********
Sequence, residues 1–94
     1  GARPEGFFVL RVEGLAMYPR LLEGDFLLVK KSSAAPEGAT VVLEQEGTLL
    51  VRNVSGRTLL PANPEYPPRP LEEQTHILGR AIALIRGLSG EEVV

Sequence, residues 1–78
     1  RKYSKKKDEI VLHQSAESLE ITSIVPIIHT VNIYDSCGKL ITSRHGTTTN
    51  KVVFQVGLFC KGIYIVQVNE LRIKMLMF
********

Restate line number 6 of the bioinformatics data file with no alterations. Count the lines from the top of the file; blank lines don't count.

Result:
    51  KVVFQVGLFC KGIYIVQVNE LRIKMLMF